• Determines the MP unit's discipline, efficiency, morale, training, and readiness and provides feedback to the chain of command.

  • Assists the protected population in coping with family issues and resolving complaints consistent with military necessity.

  • Identifies trends to correct and improve I/R operations consistent with current doctrine, military laws, international laws, UN mandates, and foreign-nation (FN) and state laws.

  • Assists in the resolution of systemic issues pertaining to the processing and administration of the protected population.

  • Reports allegations of war crimes (from protected personnel or US soldiers) through the chain of command to the SJA or the United States Army Criminal Investigation Command (USACIC). The responsibility for investigating alleged war crimes rests with the SJA and the criminal investigation division (CID), not the IG.


2-46. Psychological operations (PSYOP) are not part of the I/R structure; however, the PSYOP officer in charge (OIC) of the EPW/CI PSYOP team supporting I/R operations serves as the special staff officer responsible for PSYOP. The PSYOP officer advises the MP commander on the psychological impact of actions to prevent misunderstandings and disturbances by EPWs and CIs. The EPW/CI PSYOP team—

  • Assists the MP force in controlling EPWs and CIs.

  • Exposes EPWs and CIs to US and allied policies.

  • Develops and executes PSYOP programs to condition EPWs and CIs to accept facility authority and regulations.

  • Gains the cooperation of EPWs and CIs to reduce guard needs.

  • Identifies malcontents, trained agitators, and political officers within the facility who may try to organize a resistance or create a disturbance.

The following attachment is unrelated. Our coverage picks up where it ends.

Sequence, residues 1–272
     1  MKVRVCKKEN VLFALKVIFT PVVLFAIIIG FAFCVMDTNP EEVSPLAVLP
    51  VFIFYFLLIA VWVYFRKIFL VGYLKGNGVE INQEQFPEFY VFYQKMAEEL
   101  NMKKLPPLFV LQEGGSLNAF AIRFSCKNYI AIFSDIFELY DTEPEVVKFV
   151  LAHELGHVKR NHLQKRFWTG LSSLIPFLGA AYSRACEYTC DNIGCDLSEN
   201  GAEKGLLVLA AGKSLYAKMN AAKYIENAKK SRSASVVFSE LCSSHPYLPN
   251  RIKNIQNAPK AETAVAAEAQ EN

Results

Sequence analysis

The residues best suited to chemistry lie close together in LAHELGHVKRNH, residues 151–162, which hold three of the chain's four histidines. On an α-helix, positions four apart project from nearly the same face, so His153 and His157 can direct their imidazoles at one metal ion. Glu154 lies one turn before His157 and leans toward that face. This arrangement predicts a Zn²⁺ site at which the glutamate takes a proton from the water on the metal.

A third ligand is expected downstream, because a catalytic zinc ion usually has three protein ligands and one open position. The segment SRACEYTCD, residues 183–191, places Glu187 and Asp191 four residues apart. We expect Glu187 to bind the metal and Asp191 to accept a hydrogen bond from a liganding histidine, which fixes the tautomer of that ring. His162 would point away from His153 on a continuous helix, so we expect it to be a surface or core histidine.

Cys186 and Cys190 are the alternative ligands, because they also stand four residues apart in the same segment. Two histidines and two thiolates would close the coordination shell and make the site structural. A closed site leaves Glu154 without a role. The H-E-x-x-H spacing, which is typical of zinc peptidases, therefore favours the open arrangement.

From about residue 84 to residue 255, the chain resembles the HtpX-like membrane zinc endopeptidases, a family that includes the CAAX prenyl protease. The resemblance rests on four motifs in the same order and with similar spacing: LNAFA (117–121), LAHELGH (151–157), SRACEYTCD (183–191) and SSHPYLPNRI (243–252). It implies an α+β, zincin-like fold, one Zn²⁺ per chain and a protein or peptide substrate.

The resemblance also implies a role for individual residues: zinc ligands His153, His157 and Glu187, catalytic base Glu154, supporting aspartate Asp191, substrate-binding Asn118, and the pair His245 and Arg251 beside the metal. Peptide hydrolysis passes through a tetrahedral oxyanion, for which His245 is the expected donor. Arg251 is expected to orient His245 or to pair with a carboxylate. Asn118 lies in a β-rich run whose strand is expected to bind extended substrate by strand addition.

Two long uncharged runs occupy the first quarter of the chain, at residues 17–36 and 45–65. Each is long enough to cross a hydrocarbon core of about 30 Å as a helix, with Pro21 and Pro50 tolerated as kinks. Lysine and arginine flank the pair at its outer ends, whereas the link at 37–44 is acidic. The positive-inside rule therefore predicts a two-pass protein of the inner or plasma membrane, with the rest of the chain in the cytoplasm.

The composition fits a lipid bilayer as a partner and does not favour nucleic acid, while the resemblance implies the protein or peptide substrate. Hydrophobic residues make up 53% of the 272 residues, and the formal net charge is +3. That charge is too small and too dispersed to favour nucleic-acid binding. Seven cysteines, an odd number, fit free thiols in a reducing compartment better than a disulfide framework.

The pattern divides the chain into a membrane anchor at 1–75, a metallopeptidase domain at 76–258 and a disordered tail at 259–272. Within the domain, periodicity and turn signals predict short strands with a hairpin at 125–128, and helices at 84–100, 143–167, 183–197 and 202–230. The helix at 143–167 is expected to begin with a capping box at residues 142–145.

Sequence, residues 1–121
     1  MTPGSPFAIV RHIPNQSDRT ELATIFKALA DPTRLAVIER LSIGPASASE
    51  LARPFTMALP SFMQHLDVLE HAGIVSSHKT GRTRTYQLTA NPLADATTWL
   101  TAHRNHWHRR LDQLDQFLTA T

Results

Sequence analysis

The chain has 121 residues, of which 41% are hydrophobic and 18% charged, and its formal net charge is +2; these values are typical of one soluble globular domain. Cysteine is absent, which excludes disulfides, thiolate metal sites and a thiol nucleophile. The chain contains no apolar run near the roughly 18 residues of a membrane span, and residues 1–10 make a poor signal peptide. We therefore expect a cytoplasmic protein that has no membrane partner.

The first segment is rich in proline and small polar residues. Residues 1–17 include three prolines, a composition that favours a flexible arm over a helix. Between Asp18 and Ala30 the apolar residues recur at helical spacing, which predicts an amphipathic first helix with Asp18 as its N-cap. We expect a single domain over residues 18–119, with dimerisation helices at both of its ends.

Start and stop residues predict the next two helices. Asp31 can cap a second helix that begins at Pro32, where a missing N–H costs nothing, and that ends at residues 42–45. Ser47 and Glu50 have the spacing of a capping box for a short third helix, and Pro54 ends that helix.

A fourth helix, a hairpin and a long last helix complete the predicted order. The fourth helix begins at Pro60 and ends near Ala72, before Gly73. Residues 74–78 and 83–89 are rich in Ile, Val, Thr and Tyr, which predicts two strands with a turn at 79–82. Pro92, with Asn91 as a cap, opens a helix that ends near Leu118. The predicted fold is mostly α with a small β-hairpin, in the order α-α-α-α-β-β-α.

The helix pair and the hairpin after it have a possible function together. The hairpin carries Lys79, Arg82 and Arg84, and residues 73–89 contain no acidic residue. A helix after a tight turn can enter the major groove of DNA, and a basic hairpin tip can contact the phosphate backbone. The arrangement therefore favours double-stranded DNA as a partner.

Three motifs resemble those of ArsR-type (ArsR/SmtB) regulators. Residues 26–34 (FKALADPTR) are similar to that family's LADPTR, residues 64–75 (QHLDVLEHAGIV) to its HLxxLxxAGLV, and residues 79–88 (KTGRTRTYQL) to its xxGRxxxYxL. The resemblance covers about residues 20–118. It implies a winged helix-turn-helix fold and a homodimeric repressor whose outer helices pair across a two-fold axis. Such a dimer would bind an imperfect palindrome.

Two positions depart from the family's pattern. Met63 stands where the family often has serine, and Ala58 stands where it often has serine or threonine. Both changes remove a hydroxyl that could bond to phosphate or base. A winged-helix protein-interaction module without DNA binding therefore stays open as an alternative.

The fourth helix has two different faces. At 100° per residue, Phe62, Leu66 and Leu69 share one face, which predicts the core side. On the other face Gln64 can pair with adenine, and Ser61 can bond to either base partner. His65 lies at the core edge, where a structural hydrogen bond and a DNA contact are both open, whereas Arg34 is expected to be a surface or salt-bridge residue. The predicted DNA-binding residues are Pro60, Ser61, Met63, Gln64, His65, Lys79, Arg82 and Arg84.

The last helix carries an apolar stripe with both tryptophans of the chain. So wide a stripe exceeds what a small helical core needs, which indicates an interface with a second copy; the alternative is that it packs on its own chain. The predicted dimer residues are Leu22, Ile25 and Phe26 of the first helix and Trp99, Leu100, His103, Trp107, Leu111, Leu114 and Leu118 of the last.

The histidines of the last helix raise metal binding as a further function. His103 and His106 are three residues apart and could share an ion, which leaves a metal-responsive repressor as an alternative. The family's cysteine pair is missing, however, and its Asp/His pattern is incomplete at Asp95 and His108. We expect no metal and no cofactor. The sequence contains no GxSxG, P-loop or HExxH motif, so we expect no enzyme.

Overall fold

• Develops and executes indoctrination programs to reduce or remove proenemy attitudes.

  • Recognizes political activists.

  • Helps the MP commander control EPWs and CIs during emergencies.

  • Plans and executes a PSYOP program that produces an understanding and appreciation of US policies and actions.

  • Uses comprehensive information, reorientation, educational, and vocational programs to prepare EPWs and CIs for repatriation.

NOTE: See FMs 3-05.30 and 33-1-1 for additional information about PSYOP support to I/R operations.


2-47. The necessary care and control of housed personnel is best achieved with carefully selected and trained personnel. The specialized nature of duty at different facilities requires individuals who can be depended on to cope successfully with behavior or incidents that call for calm, fair, and immediate decisive action. These personnel must possess the highest qualities of leadership and judgment. They are required to observe rigid self-discipline and maintain a professional attitude at all times.

2-48. Personnel assigned or attached to I/R facilities are trained on the care and control of housed personnel. They are fully cognizant of the provisions of the Geneva and UN Conventions and applicable regulations as they apply to the treatment of housed personnel. A formal training program should include—

  • Principles and laws of land warfare, specifically provisions of Geneva and UN Conventions and HN laws and customs.

  • Supervisory and human relations techniques.

  • Methods of self-defense.

  • The use of force, the ROE, and the ROI.

  • Firearms qualification and familiarization.

  • Public relations, particularly CONUS operations.

  • First aid.

  • Stress management techniques.

  • Facility regulations and SOPs.

  • Intelligence and counterintelligence techniques.

  • Cultural customs and habits of internees.

  • The basic language of internees.

2-49. The guard force should receive additional training in—

  • Riot control measures, control agents, and dispersers.

  • QRF actions.

  • Searching techniques, including the use of electronic detection devices.

  • Nonlethal equipment and weapons.

2-50. Medical soldiers assigned to the facility may be required to deliver babies and care for infants and small children. Their training should include—

  • Delivery procedures.

  • Birthing techniques.

  • Medical conditions associated with malnutrition and water-, food-, and arthropod-borne diseases.